IN a month of beautiful weather at Etretal, every day was not an excursion, but every day seemed indeed a picked day. For that matter, as I lay on the beach watching the procession of the easy-going hours, I took a good many mental excursions. The one, perhaps, on which I oftenest started was a comparison between French manners, French habits, French types, and those of my native land. These comparisons are not invidious; I don't conclude against one party and in favour of the other; as the French say, je constate simply. The French people about me were "spending the summer" just as I had so often seen my fellow countrymen spend it, and it seemed to me, as it had seemed to me at home, that this operation places men and women under a sort of monstrous magnifying glass. The human figure has a higher relief in the country than in town, and I know of no place where psychological studies prosper so as at the seaside. I shall not pretend to relate my observations in the order in which they occurred to me (or indeed to relate them in full at all); but I may say that one of the foremost was to this effect - -that the summer question, for every one, had been more easily settled than it usually is at home. The solution of the problem of where to go had not been a thin-petalled rose, plucked from among particularly sharp-pointed thorns. People presented themselves with a calmness and freshness very different from the haggard legacy of that fevered investigation which precedes the annual exodus of the American citizen and his family. This impression, with me, rests perhaps on the fact that most Frenchwomen turned of thirty - -the average wives and mothers - -are so comfortably fat. I have never seen such massive feminine charms as among the mature baigneuses of Etretal. The lean and desiccated person into whom a dozen years of matrimony so often converts the blooming American girl has no apparent correlative in the French race. A majestic plumpness flourished all around me - -the plumpness of triple chins and deeply dimpled hands. I mused upon it, and I concluded that it was the result of the best breakfasts and dinners in the world. It was the corpulence of ladies who are thoroughly well fed, and who never walk a step that they can spare. The assiduity with which the women of America measure the length of our democratic pavements is doubtless a factor in their frequent absence of redundancy of outline. As a "regular boarder" at the Hotel Blanquet - -pronounced by Anglo-Saxon visitors Blanket - -I found myself initiated into the mysteries of the French dietary system. I assent to the common tradition that the French are a temperate people, so long as it is understood in this sense - -that they eat no more than they want to. But they want to eat so much. Their capacity strikes me as enormous, and we ourselves, if we are less regulated, are certainly much more slender consumers.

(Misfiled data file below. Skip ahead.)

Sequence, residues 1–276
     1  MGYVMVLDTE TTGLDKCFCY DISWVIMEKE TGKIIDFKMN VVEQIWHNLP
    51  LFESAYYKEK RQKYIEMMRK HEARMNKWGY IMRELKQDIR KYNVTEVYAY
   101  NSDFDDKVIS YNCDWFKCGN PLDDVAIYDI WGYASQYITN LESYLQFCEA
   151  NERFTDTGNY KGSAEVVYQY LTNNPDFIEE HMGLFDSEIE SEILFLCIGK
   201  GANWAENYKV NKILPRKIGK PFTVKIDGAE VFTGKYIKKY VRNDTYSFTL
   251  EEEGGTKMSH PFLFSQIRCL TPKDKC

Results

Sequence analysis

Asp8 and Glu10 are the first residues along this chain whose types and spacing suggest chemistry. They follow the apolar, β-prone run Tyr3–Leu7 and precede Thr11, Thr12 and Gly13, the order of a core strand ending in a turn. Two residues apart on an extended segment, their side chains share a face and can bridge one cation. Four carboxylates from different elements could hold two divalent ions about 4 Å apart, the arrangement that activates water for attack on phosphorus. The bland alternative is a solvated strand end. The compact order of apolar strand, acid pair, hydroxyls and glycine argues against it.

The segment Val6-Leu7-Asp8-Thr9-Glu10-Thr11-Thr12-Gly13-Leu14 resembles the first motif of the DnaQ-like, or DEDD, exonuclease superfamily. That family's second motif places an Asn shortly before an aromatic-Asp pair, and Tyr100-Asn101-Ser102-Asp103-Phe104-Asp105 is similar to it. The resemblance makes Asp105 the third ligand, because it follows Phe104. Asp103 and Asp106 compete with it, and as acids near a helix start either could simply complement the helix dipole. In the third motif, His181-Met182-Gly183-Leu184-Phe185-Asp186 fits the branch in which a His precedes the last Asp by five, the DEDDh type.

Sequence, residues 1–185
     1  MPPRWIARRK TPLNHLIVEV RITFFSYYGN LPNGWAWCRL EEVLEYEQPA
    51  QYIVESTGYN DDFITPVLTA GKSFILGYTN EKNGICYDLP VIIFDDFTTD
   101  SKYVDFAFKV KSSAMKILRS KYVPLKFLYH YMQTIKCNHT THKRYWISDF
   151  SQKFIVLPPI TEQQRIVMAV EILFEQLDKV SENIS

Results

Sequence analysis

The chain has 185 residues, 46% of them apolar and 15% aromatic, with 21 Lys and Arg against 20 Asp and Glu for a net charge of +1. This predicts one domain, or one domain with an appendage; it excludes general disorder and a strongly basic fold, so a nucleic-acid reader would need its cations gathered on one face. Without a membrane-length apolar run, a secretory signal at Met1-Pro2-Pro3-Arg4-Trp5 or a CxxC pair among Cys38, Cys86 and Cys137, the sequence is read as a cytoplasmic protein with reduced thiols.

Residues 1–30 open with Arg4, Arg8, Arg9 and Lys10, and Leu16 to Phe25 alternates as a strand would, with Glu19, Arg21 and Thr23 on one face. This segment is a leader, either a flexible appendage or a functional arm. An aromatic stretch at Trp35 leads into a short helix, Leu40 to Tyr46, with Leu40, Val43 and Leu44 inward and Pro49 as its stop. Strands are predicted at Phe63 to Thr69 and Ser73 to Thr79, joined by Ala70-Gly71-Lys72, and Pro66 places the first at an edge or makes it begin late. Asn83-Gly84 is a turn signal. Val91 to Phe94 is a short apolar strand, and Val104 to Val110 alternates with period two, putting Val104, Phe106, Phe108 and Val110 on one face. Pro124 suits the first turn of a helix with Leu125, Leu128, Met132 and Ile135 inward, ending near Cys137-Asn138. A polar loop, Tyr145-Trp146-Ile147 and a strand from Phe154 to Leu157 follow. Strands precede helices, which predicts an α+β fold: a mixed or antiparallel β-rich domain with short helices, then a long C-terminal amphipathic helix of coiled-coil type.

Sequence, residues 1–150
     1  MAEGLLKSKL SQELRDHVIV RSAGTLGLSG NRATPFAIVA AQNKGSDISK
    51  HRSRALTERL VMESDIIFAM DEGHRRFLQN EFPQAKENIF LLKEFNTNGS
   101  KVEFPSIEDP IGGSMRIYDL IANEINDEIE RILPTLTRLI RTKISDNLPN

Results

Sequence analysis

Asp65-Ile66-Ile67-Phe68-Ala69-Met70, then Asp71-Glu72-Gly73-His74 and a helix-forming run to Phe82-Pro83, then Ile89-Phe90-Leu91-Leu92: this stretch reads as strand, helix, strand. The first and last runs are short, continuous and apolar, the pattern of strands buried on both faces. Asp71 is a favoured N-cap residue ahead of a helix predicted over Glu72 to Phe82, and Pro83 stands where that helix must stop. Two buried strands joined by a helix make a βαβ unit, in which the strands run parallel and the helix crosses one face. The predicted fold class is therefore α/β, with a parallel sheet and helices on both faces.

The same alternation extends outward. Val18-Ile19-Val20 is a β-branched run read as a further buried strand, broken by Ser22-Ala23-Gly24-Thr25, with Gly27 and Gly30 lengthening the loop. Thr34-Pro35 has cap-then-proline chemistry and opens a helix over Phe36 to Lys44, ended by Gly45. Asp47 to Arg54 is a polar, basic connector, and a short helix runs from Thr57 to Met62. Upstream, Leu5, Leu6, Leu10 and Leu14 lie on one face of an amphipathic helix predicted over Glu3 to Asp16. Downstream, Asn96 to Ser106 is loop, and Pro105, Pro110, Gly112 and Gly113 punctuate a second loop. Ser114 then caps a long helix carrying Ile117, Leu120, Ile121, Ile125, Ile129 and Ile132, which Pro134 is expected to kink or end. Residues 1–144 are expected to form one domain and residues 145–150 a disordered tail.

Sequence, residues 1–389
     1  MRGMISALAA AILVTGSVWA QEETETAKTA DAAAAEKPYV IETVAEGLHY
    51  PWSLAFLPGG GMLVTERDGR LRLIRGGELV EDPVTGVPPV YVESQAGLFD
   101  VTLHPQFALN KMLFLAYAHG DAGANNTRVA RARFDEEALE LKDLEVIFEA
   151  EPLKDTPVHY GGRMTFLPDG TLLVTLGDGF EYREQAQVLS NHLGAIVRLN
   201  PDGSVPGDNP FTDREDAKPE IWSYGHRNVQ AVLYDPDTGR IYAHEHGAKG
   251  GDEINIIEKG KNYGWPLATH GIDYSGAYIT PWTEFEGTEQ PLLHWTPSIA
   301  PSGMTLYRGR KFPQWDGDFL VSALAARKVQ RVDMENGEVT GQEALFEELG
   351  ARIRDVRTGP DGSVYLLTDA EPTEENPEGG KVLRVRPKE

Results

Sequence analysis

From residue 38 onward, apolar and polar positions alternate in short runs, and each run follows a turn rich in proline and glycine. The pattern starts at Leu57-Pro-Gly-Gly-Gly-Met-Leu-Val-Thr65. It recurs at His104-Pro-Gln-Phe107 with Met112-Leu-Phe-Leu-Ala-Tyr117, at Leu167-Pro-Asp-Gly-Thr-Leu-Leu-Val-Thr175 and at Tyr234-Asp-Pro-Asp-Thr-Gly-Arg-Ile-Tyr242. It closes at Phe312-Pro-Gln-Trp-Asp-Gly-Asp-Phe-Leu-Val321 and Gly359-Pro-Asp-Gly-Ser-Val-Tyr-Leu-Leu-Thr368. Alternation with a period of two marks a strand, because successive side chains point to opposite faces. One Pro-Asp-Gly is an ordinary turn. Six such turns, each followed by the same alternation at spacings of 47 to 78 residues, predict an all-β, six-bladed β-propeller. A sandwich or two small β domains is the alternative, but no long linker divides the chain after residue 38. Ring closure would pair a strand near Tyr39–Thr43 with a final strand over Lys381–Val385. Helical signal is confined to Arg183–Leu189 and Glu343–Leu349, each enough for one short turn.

The American breakfast has, I believe, long been a subject of irony to the foreign observer; but the American breakfast is an ascetic meal compared with the French déjeuner à la fourchette. The latter, indeed, is simply a dinner without soup; it differs neither generically nor specifically from the evening repast. If it excludes soup, it includes eggs, prepared in a hundred forms; and if it proscribes champagne, it admits beer in foaming pitchers, so that the balance is fairly preserved. I think it is rarely that an American will not feel a certain sympathetic heaviness in the reflection that a French family that sits down at half past eleven to fish and entrees and roasts, to asparagus and beans, to salad and dessert, and cheese and coffee, proposes to do exactly the same thing at dinner time. But we may be sure at any rate that the dinner will be as good as the breakfast, and that the breakfast has nothing to fear from prospective comparison with the dinner; and we may further reflect that in a country where eating is a peculiarly unalloyed pleasure it is natural that this pleasure should be prolonged and reiterated. Nothing is more noticeable among the French than their superior intelligence in dietary matters; every one seems naturally a judge, a dilettante. They have analysed tastes and savours to a finer point than we; they are aware of differences and relations of which we take no heed. Observe a Frenchman of any age and of any station (I have been quite as much struck with it in the very young men as in the old) as he orders his breakfast or his dinner at a Parisian restaurant, and you will perceive that the operation is much more solemn than it is apt to be in New York or in London. (In London, indeed, it is intellectually positively brutal.) Monsieur has, in a word, a certain ideal for that particular repast, and it will make a difference in his happiness whether the kidneys, for instance, of a certain style, are chopped to the ultimate or only to the penultimate smallness. His directions and admonitions to the waiter are therefore minute and exquisite, and eloquently accentuated by the pressure of thumb and forefinger; and it must be added that the imagination of the waiter is usually quite worthy of the refined communion thus opened to it.

This subtler sense of quality is observable even among those classes in which in other countries it is generally forestalled by a depressing consciousness on the subject of quantity. Watch your Parisian porter and his wife at their mid-day meal, as you pass up and down stairs. They are not satisfying nature upon green tea and potatoes; they are seated before a meal which has been reasoned out, which, on it's modest scale, is served in courses, and has a beginning, a middle, and an end. I will not say that the French sense of comfort is confined to the philosophy of nutrition, but it is certainly higher at this point (and perhaps one other) than it is elsewhere. French people must have a good dinner and a good bed; but they are willing that the bed should be stationed and the dinner be eaten in the most unpleasant neighbourhoods. Your porter and his wife dine grandly and sleep soft in their lodge, but their lodge is in all probability a fetid black hole, five feet square, in which, in England or in America, people of their talents would never consent to live. French people consent to live in the dark, to huddle together, to forego privacy, and to let bad smells grow great among them. They have an accursed passion for coquettish furniture: for cold, brittle chairs, for tables with scalloped edges, for ottomans without backs, for fireplaces muffled in plush and fringe and about as cheerful as a festooned hearse. A French bedroom is a bitter mockery - -a ghastly attempt to serve two masters which succeeds in being agreeable to neither. It is a thing of traps and delusions, constructed on the assumption that it is inelegant to be known to wash or to sleep, and yet pervaded with suggestions of uncleanness compared with which a well-wrung bathing sponge, well en evidence, is a delightful symbol of purity. This comes of course from that supreme French quality, the source of half the charm of the French mind as well of all it's dryness, the genius for economy. It is wasting a room to let it be a bedroom alone; so it must be tricked out as an ingeniously contrived sitting-room, and ends by being (in many cases) insufferable, both by night and by day. But allowing all weight to these latter reflections, it is still very possible that the French have the better part. If you are well fed, you can perhaps afford to be ill lodged; whereas, I doubt whether enjoyment of the most commodious apartments is compatible with inanition and dyspepsia.